If we read the record in this light, we shall say, "Lord, how I worship You. Since the day I began to love You, things have happened to me in the same way and according to the same principle." Look back upon your years in the church life and recall the times you have been squeezed. Just as the natural Jacob needed a squeezing Laban, so our natural disposition also needs the squeezing. Laban's squeezing hand was no accident; it had been prearranged by the sovereign God. Isaac, Rebekah, and Esau were used by God to put Jacob into the transformation oven, and Laban was the fire burning in this oven. All these people were used by God for Jacob's transformation. Do not complain about your situation. Sometimes, as I was complaining, I suddenly saw the light, and God seemed to say, "Why do you complain? Don't you know that this is My arrangement? Your wife, your children, and all your brothers in the church have been prearranged by Me. It is foolish for you to complain." Your wife, husband, and children are exactly what your disposition needs. We may be mistaken, but God can never make a mistake. Everything is of the Lord's hand, and there is no need to complain. Instead of complaining, we should simply say, "Thank You, Lord, for such a good Laban."

9) Jacob's Trick

Although Jacob was squeezed and threatened by Laban, he could still play tricks on him (30:31-43). One day Jacob told Laban that he wanted to go back to his own country and that Laban should give him his wives and his children for whom he had served so many years (30:25-26). Laban answered, "I pray thee, if I have found favour in thine eyes, tarry: for I have learned by experience that the Lord hath blessed me for thy sake" (30:27). Laban seemed to be nice, but he was crafty. Crafty people are always nice. Whoever is nice to you is crafty, but whoever is bold with you is honest. Laban was very crafty with Jacob, saying that he had learned that by having Jacob stay with him, he had received the Lord's blessing. When Laban said to Jacob, "Appoint me thy wages, and I will give it," Jacob answered, "Thou knowest how I have served thee, and how thy cattle was with me. For it was little which thou hadst before I came, and it is now increased unto a multitude; and the Lord hath blessed thee since my coming: and now, when shall I provide for mine own house also?" (30:28-30). Jacob seemed to be saying, "I have worked here for many years, but still I cannot provide for my own household. When shall I be able to provide for my own family?" Laban, realizing that if Jacob would leave, God's blessing would depart with him, seemed to say, "Stay with me. I don't care how much I pay you. Simply tell me what you want. As long as we are under God's blessing, everything will be all right."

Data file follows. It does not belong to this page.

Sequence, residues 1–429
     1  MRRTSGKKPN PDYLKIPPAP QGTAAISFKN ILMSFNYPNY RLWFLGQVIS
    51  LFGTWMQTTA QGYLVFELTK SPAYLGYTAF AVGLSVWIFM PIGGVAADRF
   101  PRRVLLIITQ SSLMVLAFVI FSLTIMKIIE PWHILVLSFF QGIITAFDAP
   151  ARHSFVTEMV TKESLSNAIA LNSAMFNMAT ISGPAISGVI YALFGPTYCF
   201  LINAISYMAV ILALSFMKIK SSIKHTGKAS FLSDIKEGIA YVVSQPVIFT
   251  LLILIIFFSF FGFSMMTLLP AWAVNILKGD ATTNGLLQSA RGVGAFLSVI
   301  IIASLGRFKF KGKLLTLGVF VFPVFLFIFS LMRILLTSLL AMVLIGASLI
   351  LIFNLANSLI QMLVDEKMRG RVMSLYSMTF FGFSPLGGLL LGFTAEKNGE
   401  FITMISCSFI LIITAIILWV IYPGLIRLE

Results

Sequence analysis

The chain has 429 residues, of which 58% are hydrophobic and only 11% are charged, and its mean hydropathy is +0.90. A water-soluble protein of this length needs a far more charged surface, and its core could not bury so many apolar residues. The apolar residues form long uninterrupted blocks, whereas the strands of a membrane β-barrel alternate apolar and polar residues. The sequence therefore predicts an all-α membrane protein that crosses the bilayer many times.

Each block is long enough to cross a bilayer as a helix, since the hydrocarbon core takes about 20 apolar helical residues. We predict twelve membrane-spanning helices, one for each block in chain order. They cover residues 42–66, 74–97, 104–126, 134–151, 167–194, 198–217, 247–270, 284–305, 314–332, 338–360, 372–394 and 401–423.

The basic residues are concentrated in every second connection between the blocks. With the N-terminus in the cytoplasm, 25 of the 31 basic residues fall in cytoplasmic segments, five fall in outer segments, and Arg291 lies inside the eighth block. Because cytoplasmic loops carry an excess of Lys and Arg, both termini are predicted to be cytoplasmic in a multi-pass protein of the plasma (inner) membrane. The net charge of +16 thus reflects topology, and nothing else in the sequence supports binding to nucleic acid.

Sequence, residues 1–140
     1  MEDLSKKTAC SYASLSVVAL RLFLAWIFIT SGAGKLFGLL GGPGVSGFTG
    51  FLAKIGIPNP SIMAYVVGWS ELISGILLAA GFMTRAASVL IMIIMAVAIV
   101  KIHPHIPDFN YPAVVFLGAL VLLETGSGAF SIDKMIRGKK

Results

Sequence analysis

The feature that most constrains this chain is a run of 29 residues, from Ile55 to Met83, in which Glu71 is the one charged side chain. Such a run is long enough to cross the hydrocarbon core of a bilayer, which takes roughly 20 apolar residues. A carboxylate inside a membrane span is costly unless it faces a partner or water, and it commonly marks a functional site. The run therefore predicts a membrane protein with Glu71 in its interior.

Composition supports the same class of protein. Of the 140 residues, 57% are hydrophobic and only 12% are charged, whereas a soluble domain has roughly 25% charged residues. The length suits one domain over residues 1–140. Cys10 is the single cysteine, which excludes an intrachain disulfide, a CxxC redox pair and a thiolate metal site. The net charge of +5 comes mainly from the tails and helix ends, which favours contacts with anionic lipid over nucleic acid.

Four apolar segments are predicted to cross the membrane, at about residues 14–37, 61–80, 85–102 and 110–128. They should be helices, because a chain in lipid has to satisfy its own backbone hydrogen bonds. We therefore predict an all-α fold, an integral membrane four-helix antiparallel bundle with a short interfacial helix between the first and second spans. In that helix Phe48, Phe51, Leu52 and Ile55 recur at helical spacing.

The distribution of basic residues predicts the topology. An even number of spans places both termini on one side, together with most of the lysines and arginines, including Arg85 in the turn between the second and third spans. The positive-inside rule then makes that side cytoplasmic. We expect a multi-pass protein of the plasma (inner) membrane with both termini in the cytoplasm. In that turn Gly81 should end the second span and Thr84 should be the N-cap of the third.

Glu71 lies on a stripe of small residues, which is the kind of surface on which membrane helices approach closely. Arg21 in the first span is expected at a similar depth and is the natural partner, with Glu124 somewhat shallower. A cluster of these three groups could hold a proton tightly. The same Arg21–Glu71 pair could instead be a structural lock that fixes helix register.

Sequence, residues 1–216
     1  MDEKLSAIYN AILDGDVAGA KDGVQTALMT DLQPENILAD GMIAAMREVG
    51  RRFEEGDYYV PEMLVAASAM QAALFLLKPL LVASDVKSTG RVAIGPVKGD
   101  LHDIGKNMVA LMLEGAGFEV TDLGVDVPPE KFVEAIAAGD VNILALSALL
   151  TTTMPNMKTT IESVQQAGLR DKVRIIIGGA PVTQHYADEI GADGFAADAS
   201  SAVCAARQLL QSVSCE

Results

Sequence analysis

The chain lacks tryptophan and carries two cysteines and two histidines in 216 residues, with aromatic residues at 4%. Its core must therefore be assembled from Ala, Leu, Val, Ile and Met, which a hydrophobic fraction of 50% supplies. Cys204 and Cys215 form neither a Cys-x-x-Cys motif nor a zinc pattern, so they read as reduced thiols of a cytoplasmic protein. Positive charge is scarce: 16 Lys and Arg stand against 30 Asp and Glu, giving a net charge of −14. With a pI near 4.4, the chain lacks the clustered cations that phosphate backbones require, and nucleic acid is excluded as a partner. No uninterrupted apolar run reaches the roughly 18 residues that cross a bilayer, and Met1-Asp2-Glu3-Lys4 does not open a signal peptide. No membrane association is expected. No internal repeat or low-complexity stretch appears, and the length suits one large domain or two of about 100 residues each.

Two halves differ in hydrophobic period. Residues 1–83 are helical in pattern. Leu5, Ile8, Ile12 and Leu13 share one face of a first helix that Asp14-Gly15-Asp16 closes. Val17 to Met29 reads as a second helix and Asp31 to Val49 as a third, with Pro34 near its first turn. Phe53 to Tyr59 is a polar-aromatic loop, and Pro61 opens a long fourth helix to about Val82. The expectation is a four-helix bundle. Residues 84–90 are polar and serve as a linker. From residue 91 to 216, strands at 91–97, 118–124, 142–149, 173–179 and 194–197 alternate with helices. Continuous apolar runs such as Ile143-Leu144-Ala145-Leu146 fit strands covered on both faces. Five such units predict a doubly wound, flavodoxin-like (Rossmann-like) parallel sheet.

Now we see that Jacob, who had suffered Laban's squeeze, had a way to steal Laban's wealth and make himself rich. When Laban asked him what he should give him as wages, Jacob said, "Thou shalt not give me any thing: if thou wilt do this thing for me, I will again feed and keep thy flock: I will pass through all thy flock to day, removing from thence all the speckled and spotted cattle, and all the black cattle among the sheep, and the spotted and speckled among the goats: and of such shall be my hire. So shall my righteousness answer for me in time to come, when it shall come for my hire before thy face: every one that is not speckled and spotted among the goats, and black among the sheep, that shall be counted stolen with me" (30:31-33, Heb.). Jacob seemed to be saying, "Uncle Laban, promise me one thing and I will stay. Take from your flock all the speckled, spotted, and black cattle and leave all the white ones with me. From now on, the cattle which are spotted, speckled, and black will be mine." Laban thought that this was an excellent suggestion, for he knew that the white cattle could only produce white cattle and that they could not produce any that were speckled, spotted, or black. Hence, Laban removed from his flock all the cattle which were not purely white and gave them into the hand of his sons (30:34-35). The flock left to Jacob was purely white. Probably thinking that, once again, Jacob had fallen into his trap, Laban "set three days' journey betwixt himself and Jacob: and Jacob fed the rest of Laban's flocks" (30:36). As we shall see, this gave Jacob the opportunity to play his trick on Laban.

In playing his trick, Jacob took rods of poplar, hazel, and chestnut trees and "peeled white stripes in them, and made the white appear which was in the rods" (30:37). Jacob then set these striped rods before the flocks in the watering troughs, "that they should conceive when they came to drink" (30:38). In 30:39 we are told that "the flocks conceived before the rods, and brought forth cattle striped, speckled, and spotted." Jacob then separated his cattle from Laban's cattle. Furthermore, when the stronger cattle conceived, "Jacob laid the rods before the eyes of the cattle in the gutters, that they might conceive among the rods. But when the cattle were feeble, he put them not in: so the feebler were Laban's and the stronger Jacob's" (30:41-42). Thus, the speckled, spotted, and striped cattle were stronger, and the white cattle were feebler. I do not believe that Jacob's scheme actually worked; it was merely an invention of Jacob's clever mind. But whether or not the trick worked, the results appeared, and Jacob thought that his plan had been successful.